In the mid-1980s, an ex-husband challenged the trial court’s finding that he was at fault for the dissolution of his marriage and the court’s award to the ex-wife of his interest in the marital home, rehabilitative alimony, and her attorney fees. This Rhode Island Supreme Court case is an important holding regarding rehabilitative alimony, and in Rhode Island family law.
The trial court awarded the wife an absolute divorce on the grounds of irreconcilable differences and the husband’s extreme cruelty. The court further awarded the wife custody of their minor child, assigned to the wife the husband’s interest in the marital residence, ordered the husband to pay child support, and required the husband to pay alimony and his wife’s counsel fees. The Rhode Island Supreme Court affirmed the judgment in part but remanded the case for further consideration with respect to the award of alimony. It further vacated the award of counsel fees.
The husband and the wife were married in the summer of 1959 and then had three children together. One of the three children was a minor at the time of the divorce proceedings. According to the testimony, the marriage started to fall apart in 1980. The wife filed for divorce and the parties separated pursuant to an ex parte restraining order issued against the husband.
On appeal, the husband first challenged the trial court’s determination that he was at fault for the devolution of the marriage.
The trial judge found that the husband had physically and verbally abused the wife, was guilty of excessive drinking, and had engaged in extramarital affairs. The trial judge attached no weight to the testimony of the husband’s witnesses who attempted to show that the wife was not faithful after the separation but before the divorce was final.
The state high court first held that the record overwhelmingly established that the trial justice did not err in finding that the husband was at fault.
Second, the husband challenged the award compelling him to assign to his wife his equitable interest in the marital domicile, which he owned with her as a joint tenant. In support, the husband first asserted that Rhode Island’s equitable-distribution statute contains language that should prevent a trial court from assigning all of one spouse’s estate to the other spouse. The state high court dismissed this argument “for the very obvious reason” that the husband’s interest did not make up his entire estate. The court found that the trial court did not abuse its discretion in awarding the wife a portion of the husband’s estate after considering each element of the statutory criteria of § 15-5-16.1.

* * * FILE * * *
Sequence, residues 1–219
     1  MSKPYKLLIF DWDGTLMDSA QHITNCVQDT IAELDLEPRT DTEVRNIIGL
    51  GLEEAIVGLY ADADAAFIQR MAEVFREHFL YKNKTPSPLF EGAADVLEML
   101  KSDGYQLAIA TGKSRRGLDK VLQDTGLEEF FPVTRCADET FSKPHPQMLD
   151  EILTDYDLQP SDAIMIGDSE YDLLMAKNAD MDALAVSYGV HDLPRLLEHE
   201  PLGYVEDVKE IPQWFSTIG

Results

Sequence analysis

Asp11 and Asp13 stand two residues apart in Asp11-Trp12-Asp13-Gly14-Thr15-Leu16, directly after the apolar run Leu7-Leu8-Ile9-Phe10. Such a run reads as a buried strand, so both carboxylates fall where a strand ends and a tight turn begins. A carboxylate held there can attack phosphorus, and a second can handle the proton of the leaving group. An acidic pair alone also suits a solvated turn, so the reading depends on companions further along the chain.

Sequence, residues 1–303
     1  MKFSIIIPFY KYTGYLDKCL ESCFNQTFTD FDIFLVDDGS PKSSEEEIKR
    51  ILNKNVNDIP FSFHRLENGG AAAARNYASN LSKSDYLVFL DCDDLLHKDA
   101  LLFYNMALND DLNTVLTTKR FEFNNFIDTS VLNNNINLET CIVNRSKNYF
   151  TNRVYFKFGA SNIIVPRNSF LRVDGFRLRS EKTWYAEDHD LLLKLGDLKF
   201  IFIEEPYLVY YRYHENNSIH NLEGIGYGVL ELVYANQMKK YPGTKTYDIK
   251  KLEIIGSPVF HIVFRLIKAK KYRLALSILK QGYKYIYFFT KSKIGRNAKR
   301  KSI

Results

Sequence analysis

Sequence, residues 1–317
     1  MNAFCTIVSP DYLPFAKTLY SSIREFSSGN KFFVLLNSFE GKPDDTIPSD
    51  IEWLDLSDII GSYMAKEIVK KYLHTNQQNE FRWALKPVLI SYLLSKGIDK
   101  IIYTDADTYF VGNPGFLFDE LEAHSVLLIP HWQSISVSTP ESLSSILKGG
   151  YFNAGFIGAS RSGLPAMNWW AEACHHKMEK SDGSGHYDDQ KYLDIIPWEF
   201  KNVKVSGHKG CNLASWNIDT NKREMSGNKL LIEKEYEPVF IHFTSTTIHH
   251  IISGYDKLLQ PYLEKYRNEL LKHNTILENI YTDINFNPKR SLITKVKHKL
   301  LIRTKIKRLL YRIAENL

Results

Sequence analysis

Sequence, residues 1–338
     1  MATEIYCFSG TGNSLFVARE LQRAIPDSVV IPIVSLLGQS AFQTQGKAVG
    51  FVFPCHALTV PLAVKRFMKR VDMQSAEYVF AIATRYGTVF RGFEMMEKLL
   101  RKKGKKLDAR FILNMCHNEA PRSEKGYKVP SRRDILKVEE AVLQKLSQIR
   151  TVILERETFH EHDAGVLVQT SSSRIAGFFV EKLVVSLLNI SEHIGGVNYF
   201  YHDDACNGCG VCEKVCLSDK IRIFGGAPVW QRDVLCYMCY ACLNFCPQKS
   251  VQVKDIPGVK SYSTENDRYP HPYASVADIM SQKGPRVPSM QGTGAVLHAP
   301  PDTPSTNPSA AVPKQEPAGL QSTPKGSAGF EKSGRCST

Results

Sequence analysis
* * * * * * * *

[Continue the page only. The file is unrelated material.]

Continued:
The husband further argued that because he earned significantly more money than the wife during the last nine years of the marriage, such increased earnings should have been given more weight in the determination of what had been contributed by each party to the estate. The trial judge, the state high court reasoned, knew that the husband earned more than the wife, and considered with equal weight the value of the wife’s services as a homemaker as well as the money she contributed from various jobs as a nurse. In so doing, the state high court held he committed no error.
The husband next contended the trial justice weighted the element of fault too heavily in deciding the husband’s interest in the marital domicile. The court held that there was nothing in the trial justice’s decision to indicate that fault was given inappropriate significance in deciding the husband’s interest. Thus, this claim lacked merit.
The court next addressed the husband’s claim that the trial judge erred in requiring the husband to pay alimony of $25 a week. The court explained that alimony should be payable for a short, but specific, period of time, which will cease when the recipient is in a position of self-support after exercising reasonable efforts. The court remanded the issue of alimony to the trial judge for reconsideration in accordance with the notion of “rehabilitative alimony.”
The court next turned to the husband’s claim that the trial justice erred in ordering the husband to pay the wife’s counsel fees. In light of the probability that the marital domicile could so be used to generate funds, the court vacated that part of the judgment that ordered the husband to pay the cost of his wife’s attorney fees.
The final issue was the husband’s argument that the trial judge should not have allowed the wife’s eldest son to testify.
At the hearing, the trial justice allowed the testimony of the son de bene. The husband’s counsel objected, arguing that his client would be prejudiced because the son had not been available for deposition, meaning his credibility could not be adequately attacked. The trial judge allowed the witness, reasoning that the wife did not consciously intend to present the son as a surprise witness. Further, he found the son’s testimony to be cumulative.
In light of the limited time the wife had to communicate to the husband regarding the son’s testimony, as well as the fact that such testimony was cumulative, the state high court could held the trial judge did not commit prejudicial error in allowing the son to testify.
Accordingly, the husband’s appeal was denied in part and sustained in part. The judgment with respect to counsel fees was vacated, and the case was remanded to the family court for further consideration on the issue of rehabilitative alimony.
Bilodeau Capalbo, LLC’s accomplished family law attorneys are prepared to assist Rhode Island residents in navigating issues of alimony during their divorce proceedings. Call (401) 400-8182 to schedule a consultation today.
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